When we consider the large daily fluctuations in temperature at the surface of the sand and throughout the nesting season from May through September, it is gratifying to find that the temperature in the nest about 15 inches beneath the surface remains remarkably stable.
We have found that the nest temperature on the Kiawah beach varies only about 1 C over a 24-hour period. Even over the extended period from June to September, our data showed the average daily nest temperature fluctuated by only six degrees, with an average temperature of 28.7 C or 84 F.
Therefore, the turtle nest is an excellent incubation chamber for the eggs. Not only is the temperature maintained remarkably stable on the Kiawah beach, but also it is maintained very close to what is termed the pivotal temperature of 29 C.
Some readers may recall that the temperature of the egg during incubation determines the sex of a sea turtle. The ratio of males to females is 1:1 at the pivotal temperature of 29 C.; higher temperatures favor the formation of females, and lower temperatures favor the formation of males.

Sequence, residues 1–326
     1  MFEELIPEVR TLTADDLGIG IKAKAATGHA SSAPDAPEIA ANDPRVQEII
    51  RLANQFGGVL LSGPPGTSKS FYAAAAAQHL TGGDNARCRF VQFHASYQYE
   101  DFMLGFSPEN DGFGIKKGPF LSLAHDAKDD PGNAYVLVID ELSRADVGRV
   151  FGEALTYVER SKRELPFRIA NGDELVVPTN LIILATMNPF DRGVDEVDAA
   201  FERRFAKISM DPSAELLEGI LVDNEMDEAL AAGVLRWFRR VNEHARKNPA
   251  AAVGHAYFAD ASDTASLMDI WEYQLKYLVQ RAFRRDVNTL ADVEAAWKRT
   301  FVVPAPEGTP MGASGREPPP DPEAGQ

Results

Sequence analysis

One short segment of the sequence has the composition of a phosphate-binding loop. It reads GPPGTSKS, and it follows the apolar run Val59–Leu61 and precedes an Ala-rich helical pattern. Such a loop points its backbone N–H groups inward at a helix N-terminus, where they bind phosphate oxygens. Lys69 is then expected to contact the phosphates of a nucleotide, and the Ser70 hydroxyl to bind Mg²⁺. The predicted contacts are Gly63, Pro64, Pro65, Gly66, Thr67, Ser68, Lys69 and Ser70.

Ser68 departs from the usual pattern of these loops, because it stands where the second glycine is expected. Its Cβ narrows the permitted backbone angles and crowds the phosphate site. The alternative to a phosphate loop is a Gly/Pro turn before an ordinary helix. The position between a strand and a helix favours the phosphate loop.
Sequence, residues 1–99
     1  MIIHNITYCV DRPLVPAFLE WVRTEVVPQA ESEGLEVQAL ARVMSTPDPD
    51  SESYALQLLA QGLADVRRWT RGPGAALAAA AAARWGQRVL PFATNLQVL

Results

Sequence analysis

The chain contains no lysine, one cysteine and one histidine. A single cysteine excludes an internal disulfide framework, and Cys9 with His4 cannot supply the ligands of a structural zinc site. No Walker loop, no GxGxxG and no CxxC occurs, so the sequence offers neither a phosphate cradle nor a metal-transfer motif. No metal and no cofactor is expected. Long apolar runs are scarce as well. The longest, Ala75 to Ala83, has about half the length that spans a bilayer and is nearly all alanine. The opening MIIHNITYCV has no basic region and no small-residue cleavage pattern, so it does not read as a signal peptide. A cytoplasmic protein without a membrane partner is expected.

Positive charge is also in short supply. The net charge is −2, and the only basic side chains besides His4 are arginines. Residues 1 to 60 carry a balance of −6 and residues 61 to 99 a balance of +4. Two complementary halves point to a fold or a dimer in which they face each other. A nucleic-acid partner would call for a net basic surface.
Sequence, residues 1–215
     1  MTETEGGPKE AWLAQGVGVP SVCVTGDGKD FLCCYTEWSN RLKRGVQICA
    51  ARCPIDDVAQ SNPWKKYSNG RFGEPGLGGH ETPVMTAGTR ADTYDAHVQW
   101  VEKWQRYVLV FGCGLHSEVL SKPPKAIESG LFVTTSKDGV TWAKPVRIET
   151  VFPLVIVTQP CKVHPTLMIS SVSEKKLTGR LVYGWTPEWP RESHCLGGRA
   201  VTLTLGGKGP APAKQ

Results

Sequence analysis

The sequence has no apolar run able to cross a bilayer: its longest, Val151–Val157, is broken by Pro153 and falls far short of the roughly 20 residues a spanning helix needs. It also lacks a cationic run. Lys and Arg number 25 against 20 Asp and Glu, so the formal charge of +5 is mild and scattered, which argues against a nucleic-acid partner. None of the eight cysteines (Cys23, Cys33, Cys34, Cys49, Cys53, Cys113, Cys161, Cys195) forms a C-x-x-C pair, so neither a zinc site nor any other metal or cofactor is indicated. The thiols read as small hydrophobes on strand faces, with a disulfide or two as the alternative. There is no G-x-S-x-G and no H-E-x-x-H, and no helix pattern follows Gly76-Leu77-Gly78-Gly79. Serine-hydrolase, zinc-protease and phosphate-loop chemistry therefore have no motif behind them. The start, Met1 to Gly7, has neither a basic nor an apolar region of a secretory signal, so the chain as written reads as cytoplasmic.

Therefore, our data reassures us that the hatchlings that depart from the Kiawah beach are nearly equally males and females. By contrast, the hatchlings are mostly males on the cooler beaches of North Carolina, and mostly females from those hot Florida beaches.
Unfortunately, we do not understand the breeding population dynamics of sea turtles well enough to be sure that a male to female ratio of 1:1 is optimal. However, Mother Nature arranges it so that most species with the conventional X-Y set of chromosomes are produced in a male to female ratio of 1:1.
For the time being we must trust that she knows what she is doing, and we can take comfort that our hatchlings are departing our beach in matched numbers of boys and girls.